As reported by the BBC, Nina Fefferman and Eric Lofgren, both from the Tufts University Inititiative for the Forecasting and Modeling of Infectious Disease, have published an article in the Lancet about how virtual worlds can provide models for human behavior in real-world epidemics. The duo specifically focused on the "Corrupted Blood" epidemic of fall 2005, which virtually wiped out Orgrimmar and Ironforge on many servers.

The BBC article states, "Some acted selflessly, rushing to the aid of other characters even though that meant they risked infection themselves. Others fled infected cities in an attempt to save themselves. And some who were sick made it their mission to deliberately infect others." Fefferman added that since it's impossible/unethical to "cause" an epidemic in real life and see how human behavior influences its spread, virtual worlds may be the best model for this type of research.

However, she admitted that people are likely to take more risks with disease in-game than in real life, which sounds about right. Dying to tuberculosis is unlikely to cost you a mere five-minute corpse run, and I don't tend to see many people hiding incredibly infectious animals in bags and then pulling them out in the middle of a crowded shopping center, which is pretty much what happened with Corrupted Blood.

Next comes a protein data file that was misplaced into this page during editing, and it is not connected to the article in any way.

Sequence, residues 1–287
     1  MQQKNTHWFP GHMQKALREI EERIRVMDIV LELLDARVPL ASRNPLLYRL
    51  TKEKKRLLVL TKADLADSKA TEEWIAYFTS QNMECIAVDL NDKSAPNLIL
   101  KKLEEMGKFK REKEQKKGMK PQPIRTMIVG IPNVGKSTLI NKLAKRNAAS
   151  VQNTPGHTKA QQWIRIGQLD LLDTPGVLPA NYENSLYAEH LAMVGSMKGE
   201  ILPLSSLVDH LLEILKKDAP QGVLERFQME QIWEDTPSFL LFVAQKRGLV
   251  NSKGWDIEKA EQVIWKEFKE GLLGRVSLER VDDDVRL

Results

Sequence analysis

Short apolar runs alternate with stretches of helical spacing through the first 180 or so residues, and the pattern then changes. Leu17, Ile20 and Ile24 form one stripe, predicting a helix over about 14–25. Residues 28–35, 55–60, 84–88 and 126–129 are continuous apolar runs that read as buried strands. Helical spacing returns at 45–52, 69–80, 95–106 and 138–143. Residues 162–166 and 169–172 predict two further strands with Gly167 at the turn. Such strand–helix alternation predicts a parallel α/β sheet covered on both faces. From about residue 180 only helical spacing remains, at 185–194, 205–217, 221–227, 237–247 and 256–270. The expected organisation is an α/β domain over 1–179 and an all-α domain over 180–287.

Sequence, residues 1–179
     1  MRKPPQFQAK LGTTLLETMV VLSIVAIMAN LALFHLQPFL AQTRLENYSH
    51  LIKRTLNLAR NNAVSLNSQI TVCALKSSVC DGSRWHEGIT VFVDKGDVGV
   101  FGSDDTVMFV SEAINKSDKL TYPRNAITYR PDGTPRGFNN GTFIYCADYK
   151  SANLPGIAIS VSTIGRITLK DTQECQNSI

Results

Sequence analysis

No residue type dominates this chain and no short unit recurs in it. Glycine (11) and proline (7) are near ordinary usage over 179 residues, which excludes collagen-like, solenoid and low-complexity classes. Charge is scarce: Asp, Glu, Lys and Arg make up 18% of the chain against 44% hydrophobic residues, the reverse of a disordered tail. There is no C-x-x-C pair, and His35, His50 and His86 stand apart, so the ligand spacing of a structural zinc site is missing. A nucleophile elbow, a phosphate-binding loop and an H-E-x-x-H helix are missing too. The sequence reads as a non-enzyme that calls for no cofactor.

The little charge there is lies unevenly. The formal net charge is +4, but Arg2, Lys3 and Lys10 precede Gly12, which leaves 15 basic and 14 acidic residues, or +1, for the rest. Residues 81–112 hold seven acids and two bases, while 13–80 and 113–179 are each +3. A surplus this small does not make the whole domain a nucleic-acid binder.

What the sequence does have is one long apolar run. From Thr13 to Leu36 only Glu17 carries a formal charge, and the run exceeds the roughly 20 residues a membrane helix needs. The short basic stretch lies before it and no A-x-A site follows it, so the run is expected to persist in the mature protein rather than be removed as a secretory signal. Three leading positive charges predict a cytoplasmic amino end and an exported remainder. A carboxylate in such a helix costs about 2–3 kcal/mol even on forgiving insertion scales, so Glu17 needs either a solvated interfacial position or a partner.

What do you think about this study? And, taking a broader view, does people's behavior in WoW accurately reflect their behavior in real life?

Filed under: Virtual selves, News items

WoW completely ruins another life

The Australian media is at it again (why is Australia such a hotbed of this stuff?), with another report on how playing online games can horribly ruin your life. This time, they profile a guy named Mark Nichols, who apparently "played out his days in a virtual world... while his real life crumbled to pieces." Not surprisingly, he blames the game.

The best part is when he mentions WoW itself: "Then I heard about a game called World of Warcraft. That's when it all went south." Before he played WoW, he was apparently logging four hours a day in Half-Life, which is enough to make any sensible person reconsider what they're doing. But he was compelled (no choice involved, obviously) to install and play the game anyway. You can imagine the rest-- he loses his job (because, playing on a US server, he'd rather play during the day), loses his girlfriend, gains all kinds of weight, and generally becomes a mess. All because of the game. The last part is great, too: "Games have eaten away at my 20s and I was in stasis for a while," he says. "Hopefully it's not too late." As if the rest of his life will be completely ruined just because he chose to install a game.

I can't say much more about this than I've already said, but I will give the mic to the very insightful Rushster over at WorldofWar: